Here’s a very nice article in relation to the backstory in gaming. Much of what is said and unsaid helps to draw us into deeper experiences. Honestly, I feel it’s more about a balance of lore, charcater developmentry and narrative. A prime example is, The Elder Scrolls, which has VOLUMES of text in many of the books and psuedo-history. Going through the lore while playing TES games, requires patience as to which I never had for the in-game books. Yet, the balance is maintained in games like Mass Effect and The Witcher. What sets them apart is how the lore parting to what you are doing in the game. I don’t care about the story of the Dragon king and his lineage, unless I come across a quest pertaining to that, Elder Scrolls gives you too much information. But I do want to what Biotics do or how a Chort behaves, because it relevant to what I experience in those games.

What do you guys think?

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Topsy Turvy Gam3r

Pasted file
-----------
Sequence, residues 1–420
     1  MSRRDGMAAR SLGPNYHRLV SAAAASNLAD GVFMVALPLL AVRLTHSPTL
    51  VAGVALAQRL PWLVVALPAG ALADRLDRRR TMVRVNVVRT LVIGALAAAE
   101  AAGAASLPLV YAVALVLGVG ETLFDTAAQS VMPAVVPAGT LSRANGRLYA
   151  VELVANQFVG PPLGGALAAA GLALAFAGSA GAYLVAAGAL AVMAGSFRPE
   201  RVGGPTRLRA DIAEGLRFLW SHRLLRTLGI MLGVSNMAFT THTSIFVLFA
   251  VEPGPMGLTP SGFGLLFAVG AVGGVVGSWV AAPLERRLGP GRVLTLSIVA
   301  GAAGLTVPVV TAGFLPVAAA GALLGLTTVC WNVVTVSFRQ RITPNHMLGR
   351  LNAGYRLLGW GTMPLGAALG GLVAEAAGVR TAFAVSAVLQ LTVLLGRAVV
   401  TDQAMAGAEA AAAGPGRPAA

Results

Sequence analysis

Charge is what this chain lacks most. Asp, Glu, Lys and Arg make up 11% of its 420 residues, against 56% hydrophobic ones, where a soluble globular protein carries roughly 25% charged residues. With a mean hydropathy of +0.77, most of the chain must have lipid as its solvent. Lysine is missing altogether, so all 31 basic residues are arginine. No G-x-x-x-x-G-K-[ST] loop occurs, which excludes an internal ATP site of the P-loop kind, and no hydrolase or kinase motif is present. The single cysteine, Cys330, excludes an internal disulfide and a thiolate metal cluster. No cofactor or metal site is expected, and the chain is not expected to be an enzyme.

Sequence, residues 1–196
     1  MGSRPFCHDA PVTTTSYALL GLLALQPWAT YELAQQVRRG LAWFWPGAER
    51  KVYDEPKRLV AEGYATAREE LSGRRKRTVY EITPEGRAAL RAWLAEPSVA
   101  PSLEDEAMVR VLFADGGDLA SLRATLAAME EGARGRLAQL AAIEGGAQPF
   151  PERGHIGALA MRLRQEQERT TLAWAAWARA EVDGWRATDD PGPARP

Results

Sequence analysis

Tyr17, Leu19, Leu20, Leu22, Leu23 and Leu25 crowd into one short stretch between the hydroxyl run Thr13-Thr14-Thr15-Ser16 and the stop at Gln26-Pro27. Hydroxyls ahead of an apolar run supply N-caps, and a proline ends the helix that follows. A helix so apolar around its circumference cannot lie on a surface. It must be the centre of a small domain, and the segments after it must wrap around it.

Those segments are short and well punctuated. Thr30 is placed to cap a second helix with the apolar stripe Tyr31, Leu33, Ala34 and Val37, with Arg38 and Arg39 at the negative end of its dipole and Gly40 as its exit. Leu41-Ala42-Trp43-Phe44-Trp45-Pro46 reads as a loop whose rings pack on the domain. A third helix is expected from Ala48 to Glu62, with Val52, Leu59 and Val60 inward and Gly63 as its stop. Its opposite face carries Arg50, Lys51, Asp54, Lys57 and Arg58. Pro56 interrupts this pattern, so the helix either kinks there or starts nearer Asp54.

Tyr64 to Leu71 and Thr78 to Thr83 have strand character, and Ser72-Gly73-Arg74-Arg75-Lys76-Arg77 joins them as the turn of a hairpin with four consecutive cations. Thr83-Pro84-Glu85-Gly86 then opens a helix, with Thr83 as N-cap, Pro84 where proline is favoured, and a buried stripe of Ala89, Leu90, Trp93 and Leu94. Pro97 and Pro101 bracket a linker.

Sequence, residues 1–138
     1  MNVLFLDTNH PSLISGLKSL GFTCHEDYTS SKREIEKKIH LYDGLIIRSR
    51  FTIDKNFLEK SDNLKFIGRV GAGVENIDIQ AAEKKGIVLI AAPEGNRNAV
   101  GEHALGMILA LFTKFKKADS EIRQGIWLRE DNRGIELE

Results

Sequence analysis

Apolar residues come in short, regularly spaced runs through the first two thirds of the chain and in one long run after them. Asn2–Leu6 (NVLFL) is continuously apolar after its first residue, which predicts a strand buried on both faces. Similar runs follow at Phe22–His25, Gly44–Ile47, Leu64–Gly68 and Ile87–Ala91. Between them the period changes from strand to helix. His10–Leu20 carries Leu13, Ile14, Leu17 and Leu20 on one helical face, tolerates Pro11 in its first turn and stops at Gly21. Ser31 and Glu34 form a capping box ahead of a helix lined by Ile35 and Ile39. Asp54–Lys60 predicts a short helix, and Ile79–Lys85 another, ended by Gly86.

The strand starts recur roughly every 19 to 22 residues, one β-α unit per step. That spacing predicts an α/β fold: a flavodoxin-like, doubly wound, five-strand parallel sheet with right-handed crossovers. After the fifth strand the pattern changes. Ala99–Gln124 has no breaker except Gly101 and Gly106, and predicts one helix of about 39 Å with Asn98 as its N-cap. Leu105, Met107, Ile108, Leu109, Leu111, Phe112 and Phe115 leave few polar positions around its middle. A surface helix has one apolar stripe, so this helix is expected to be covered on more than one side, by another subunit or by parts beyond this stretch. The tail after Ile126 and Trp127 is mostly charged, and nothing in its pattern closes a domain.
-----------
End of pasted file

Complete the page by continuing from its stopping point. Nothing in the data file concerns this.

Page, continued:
No Mans Sky.jpg

A long time ago, games were a series of small adventures where you would shoot slowly advancing aliens or eat pixellated blocks while being relentlessly chased by coloured ghosts. While those games were and still are entertaining, the backstory of a video game universe is, at times what helps make it awesome and undoubtedly unique.

For many gamers (myself included) the need to uncover and explore every inch of the lore of a is resolute and unyielding. It draws the player in and allows them to feel like a part of the digital world. This is why great writing and mechanics that bring to light the carefully constructed information, is essential. Without this, games would feel awfully 2-dimensional, with the reason for completing objectives being lost. Even the simplest style games from way before I was born have a motivation. They just have to. Pac-Man did not just wake up…

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